Surviving the Ascent to
There are companies out there for whom Engineering Information Management is a critical component of a well-oiled machine, then there’s the rest – the majority. It seems like an uphill struggle – an uphill struggle while carrying 10 O&M manuals down the hall, while being pushed and prodded at every step by Engineers who want version something of the drawing Frank did last Tuesday… or was it Tom on Friday. Never mind, you know which drawing it is right?
As the volume of content grows, that hill becomes a mountain and the ascent requires not just determination but the right tools and support from the right people along the path. Why bother though? What’s the goal you’re trying to reach at the top?
We like to call that distant goal at the summit ‘EIM Maturity’. It might sound like a euphemism for an aging workforce but is simply the idea that you are already passionate about – achieving excellence in information management.
There are seven summits that must be surmounted on the journey to EIM maturity. With a bit of luck – and several billion years of geology – this happens to coincide with the fact that the world’s seven highest mountains form the Seven Summits mountaineering challenge. Each of our seven challenges to EIM Maturity correspond to one of the seven mountains, a nice little analogy allowing us to add some pretty mountain photos to presentations. These challenges can be captured in seven words, Organization, Control, Process, System, External, Compliance and Strategy.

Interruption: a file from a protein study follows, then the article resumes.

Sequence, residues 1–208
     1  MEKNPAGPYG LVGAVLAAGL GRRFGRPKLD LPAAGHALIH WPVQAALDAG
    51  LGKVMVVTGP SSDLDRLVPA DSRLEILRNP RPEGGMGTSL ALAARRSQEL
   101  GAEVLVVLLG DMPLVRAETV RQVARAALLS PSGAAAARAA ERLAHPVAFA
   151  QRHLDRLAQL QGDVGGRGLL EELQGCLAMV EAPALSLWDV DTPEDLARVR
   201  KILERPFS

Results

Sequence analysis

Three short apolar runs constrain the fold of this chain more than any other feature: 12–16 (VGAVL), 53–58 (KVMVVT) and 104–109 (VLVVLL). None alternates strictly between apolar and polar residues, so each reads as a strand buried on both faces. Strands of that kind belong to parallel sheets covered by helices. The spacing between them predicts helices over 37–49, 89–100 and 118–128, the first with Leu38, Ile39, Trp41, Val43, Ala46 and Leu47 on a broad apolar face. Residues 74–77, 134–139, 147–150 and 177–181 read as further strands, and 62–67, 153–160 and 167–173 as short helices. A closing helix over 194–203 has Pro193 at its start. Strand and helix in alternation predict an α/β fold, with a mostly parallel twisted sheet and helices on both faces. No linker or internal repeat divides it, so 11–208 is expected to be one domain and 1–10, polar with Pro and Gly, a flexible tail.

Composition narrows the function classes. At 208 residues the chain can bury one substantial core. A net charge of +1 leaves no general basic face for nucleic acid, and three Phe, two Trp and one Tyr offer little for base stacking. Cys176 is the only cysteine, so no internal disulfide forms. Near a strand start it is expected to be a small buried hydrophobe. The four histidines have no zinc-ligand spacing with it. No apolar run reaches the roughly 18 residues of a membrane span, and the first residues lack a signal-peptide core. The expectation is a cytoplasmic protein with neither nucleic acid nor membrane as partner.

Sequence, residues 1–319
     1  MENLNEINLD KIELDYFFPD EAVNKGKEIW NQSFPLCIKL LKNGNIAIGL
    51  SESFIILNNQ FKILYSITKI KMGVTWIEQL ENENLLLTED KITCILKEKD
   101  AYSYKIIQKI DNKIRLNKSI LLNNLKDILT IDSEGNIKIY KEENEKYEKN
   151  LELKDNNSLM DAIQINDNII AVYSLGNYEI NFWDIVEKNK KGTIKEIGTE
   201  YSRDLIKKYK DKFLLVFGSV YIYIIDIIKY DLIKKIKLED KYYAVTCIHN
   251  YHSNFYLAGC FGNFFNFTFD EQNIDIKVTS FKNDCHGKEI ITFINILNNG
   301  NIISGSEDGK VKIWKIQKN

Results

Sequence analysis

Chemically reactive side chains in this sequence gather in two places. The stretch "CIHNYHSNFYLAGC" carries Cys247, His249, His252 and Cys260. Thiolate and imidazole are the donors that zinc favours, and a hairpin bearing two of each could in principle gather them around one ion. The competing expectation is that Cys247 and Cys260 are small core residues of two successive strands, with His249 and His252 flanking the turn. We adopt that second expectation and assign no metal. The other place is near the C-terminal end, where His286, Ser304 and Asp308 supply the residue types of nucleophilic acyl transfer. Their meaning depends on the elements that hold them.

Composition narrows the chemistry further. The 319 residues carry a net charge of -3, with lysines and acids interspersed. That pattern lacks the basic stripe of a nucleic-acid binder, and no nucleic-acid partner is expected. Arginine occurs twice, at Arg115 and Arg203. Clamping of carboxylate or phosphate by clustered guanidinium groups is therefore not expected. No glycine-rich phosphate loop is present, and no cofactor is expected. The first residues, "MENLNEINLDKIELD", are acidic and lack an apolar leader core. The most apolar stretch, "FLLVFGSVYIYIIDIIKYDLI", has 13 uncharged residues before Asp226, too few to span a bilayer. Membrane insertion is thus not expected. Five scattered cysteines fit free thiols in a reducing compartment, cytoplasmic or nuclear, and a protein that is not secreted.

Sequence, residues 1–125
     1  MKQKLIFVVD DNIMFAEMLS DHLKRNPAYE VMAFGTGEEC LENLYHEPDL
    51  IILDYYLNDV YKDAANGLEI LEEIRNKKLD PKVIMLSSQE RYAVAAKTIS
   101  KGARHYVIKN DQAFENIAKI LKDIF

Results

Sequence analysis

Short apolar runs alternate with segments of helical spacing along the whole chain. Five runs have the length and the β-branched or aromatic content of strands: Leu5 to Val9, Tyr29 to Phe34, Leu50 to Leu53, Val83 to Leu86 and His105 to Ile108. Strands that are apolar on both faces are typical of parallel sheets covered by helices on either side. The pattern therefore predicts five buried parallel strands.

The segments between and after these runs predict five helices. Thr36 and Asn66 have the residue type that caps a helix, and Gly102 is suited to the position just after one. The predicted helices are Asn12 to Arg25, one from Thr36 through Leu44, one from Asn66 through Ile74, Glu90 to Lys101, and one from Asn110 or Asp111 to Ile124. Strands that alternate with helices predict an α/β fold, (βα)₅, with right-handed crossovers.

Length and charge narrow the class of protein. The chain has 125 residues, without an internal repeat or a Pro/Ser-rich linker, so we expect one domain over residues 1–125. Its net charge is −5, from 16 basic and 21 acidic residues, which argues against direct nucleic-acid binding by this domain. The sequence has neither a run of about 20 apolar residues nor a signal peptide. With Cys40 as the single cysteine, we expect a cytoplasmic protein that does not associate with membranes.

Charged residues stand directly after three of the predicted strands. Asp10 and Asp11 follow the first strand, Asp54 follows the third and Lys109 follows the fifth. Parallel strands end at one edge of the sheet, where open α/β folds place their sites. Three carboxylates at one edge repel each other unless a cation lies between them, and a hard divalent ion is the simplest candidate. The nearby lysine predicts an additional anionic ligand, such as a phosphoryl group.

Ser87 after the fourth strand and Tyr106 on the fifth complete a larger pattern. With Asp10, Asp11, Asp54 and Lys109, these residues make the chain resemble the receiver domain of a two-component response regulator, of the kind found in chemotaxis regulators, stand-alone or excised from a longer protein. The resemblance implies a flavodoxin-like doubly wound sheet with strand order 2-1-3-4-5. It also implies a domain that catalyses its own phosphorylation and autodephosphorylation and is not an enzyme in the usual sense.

Standardizing processes and/or introducing cultural change is not quite the same as climbing the highest mountains on seven continents. You won’t need to be as physically fit and you probably won’t get as cold but the metaphor does serve to describe the journey you are embarking on and the need to be prepared for what’s to come.
If you’re sitting at base camp in Everest with a Canada Goose jacket, a woolly hat and a sturdy pair of boots you got on sale from Walmart and plan on reaching the summit today then sorry, I’m not holding your hand on the climb. I’ll take your photo and tag you on Twitter as you disappear into the clouds though so at least there’s a lasting record of your attempt.
Every climber needs the right tools, for the right summit and the right conditions to succeed and in this analogy your organization is the climber and the tools are the software and processes. We know it can be a scary journey ahead but just as it’s important that you ask the mountaineering expert for advice the same applies to reaching EIM Maturity. You don’t need to do it alone. Share your experiences and your plans, warn others of the dangers ahead on particular routes and when you yourself stumble and fall – don’t be afraid to admit that your original plan wasn’t quite right. It’s not dangerous to stumble on the ascent, but it is dangerous to keep stumbling and ignore the warning signs without learning from what you’ve experienced so far.